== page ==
Subscribe to Blog via Email
July 2021 M T W T F S S « Mar 1 2 3 4 5 6 7 8 9 10 11 12 13 14 15 16 17 18 19 20 21 22 23 24 25 26 27 28 29 30 31
Kaliarda XXVIII: Sarantakos
Nikos Sarantakos has just published on his blog a report on Spatholouro’s finds in his blog comments of early attestation of Kaliarda, as already reported here. My thanks to him for disseminating Spatholouro’s findings more widely, as they deserve.
There’s not a lot of new information in the article, but he does mention that Manganareas’ journal Πεταχτό Κόρτε “Fleeting Flirt”,
despite its editor’s activist credentials, was one of the risque magazines of the time, with half-naked women drawn on the front cover, with cartoons with innuendo-laced captions showing ladies in negliges, with poems and witticisms full of double entendres, often italicised (e.g. “every female reader should give it to her friend—the magazine, that is.”) […] As you can see on the front cover above, the magazine shows dozens of pseudonyms of contributes, but I would not be surprised if the entire content was written by Manganaras with 2 or 3 collaborators.
Sarantakos also raises a criticism of Petropoulos’ work that is worth discussing: the lengthly witticisms in the dictionary don’t seem to be conventionalised parts of a normal cant vocabulary, but one-off opportunistic inventions, which his consultants happened to come up with:
But users of cants don’t use it so much to communicate, as to not be understood by outsiders. They don’t need to devise words for all aspects of life, because the mainstream language is enough for that. They need 100–200 basic words for their immediate interests (money, client, beautiful, ugly, small, big.)
The sense I get every time I leaf through Petropoulos’ Kaliarda is that many, if not most of those words were made up by a small group for fun, building on the existing model of Kaliarda vocabulary. I open up Petropoulos at random at <R>, and read these entries:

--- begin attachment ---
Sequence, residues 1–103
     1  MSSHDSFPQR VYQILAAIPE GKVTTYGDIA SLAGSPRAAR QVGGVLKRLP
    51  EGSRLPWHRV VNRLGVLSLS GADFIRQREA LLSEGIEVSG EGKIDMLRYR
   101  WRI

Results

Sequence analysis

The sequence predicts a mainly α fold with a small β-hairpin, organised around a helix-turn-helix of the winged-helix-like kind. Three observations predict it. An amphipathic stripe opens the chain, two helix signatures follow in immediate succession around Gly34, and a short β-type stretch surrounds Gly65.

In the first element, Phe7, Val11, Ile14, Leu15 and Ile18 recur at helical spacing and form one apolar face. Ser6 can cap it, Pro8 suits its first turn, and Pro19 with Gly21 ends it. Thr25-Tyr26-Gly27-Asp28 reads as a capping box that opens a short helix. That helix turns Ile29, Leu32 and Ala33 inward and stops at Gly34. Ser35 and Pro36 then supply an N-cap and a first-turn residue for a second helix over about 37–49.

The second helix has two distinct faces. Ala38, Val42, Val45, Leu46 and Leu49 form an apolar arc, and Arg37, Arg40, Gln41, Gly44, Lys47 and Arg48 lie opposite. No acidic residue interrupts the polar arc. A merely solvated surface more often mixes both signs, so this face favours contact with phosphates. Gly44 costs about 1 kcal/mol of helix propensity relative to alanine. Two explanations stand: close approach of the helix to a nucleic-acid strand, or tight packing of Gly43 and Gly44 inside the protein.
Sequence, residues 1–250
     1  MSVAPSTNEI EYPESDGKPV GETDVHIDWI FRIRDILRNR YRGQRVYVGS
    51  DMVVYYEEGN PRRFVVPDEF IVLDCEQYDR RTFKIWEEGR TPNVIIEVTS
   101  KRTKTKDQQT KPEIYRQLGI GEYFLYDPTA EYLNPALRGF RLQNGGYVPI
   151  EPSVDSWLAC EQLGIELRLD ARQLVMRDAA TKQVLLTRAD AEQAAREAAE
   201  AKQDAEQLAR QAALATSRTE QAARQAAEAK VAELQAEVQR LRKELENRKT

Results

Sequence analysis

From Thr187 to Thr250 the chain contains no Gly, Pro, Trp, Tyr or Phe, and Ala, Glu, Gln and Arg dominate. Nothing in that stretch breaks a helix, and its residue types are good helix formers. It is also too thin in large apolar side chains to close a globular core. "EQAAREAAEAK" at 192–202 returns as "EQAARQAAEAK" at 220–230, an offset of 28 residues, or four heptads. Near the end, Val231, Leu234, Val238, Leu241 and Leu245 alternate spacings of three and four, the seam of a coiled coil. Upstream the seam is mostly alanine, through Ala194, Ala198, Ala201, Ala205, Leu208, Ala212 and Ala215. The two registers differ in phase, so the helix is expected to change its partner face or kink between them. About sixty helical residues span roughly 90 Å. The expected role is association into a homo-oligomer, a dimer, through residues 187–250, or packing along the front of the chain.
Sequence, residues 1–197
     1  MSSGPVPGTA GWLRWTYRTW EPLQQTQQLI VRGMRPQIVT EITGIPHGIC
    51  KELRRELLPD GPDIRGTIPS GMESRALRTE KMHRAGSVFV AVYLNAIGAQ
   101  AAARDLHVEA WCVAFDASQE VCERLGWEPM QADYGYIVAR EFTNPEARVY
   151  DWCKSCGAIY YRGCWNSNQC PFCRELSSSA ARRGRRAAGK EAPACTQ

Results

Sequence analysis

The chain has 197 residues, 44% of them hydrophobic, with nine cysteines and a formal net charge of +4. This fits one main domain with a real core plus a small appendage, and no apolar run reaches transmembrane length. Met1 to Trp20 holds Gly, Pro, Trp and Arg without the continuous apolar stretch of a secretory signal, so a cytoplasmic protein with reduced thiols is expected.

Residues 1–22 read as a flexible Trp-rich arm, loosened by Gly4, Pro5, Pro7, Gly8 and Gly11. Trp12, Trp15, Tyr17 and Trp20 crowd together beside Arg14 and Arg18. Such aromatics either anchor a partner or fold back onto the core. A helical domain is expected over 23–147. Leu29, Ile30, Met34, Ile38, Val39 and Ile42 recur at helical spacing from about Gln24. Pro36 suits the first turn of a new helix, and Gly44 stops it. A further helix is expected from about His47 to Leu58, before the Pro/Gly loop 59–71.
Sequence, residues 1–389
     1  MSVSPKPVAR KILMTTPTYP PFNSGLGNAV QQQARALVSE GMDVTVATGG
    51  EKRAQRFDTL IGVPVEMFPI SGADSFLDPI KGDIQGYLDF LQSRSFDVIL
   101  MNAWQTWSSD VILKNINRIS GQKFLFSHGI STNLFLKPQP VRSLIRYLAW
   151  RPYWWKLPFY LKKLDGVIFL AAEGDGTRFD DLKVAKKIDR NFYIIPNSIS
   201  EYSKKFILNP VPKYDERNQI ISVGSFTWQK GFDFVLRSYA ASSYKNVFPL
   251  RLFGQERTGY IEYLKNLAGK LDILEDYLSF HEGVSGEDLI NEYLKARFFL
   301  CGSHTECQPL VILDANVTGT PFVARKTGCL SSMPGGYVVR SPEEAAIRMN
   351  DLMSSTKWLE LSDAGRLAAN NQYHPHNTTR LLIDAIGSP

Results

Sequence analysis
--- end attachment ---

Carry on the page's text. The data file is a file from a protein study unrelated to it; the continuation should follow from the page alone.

- rena: queen [French reine]
- renovlastos: “queen sprout”: heir to the throne
- renoɣlastra: “queen flowerpot”: palace
- renokaθiki: “queen chamberpot”: crown
- renokatsikaðero: “queen goatville man (= hillbilly)”: evzone (royal guard, in traditional rural garb)
- renos: king
- renoskamnu: “queen stool”: throne
- renotekno: “queen child”: prince
The compounds are very witty and inventive, and I bet the people who made them up had a lot of fun doing so; but I would be surprised if they were ever widespread among Kaliarda speakers. I fear that Petropoulos, yielding to the passion of the collector, bolstered his collection by recording the opportunistic formations of a small group.
I agree with Sarantakos that it’s unlikely that these witticisms were conventionalised—that “queen chamberpot” was the regular word for “crown”, used more than mainstream stema or korona (whenever crowns did come up in conversation). I disagree that they were out of bounds for being recorded.
Kaliarda at the beginning may well have been as limited as Dortika, when it really was being used as a secrecy language, by sex workers and gays. The minimal records we have of older Kaliarda concur: they don’t have the compounds, the jokes, and the allusions that Petropoulos recorded. (Of course, they were quite basic vocabularies, so there’d be no room for them anyway.)
But Petropoulos says that wit is a major component of speaking Kaliarda; in fact, wit is also emphasised in accounts of the much more parsimonious Lubunca, and were clearly also at work in Polari. Even in 1928, Hatzidakis says much the same about Kaliarda—that the experience of hearing any word of it is unforgettable; and I find it hard to believe that it was unforgettable merely for using a couple of Romani words in a mincing accent. Even if the coinage “queen chamberpot” was not conventionalised for “crown”, and was the invention of one particular Kaliarda speaker, I suspect that kind of coinage happened among Kaliarda speakers all the time.
And beyond that, the linguistic patterns of the coinages are revealing of how the language work. dzasberdepurotsarðo is rechercé for “National Benefaction”, and “house of an old man throwing away his money” is clearly one-off. But I doubt this was the only time dzas-berde was used to refer dismissively to philanthropy; and the variant clearly permitted such four-part compounds to be formed and understood—something not without precedent in Greek, both literary and colloquial, but in a much more schematic garb than we’re used to from Greek.
I’m going to be offline for a couple of weeks. When I get back, I’ll be posting glossed highlights of the Kaliarda vocabulary, and drawing this series to a close.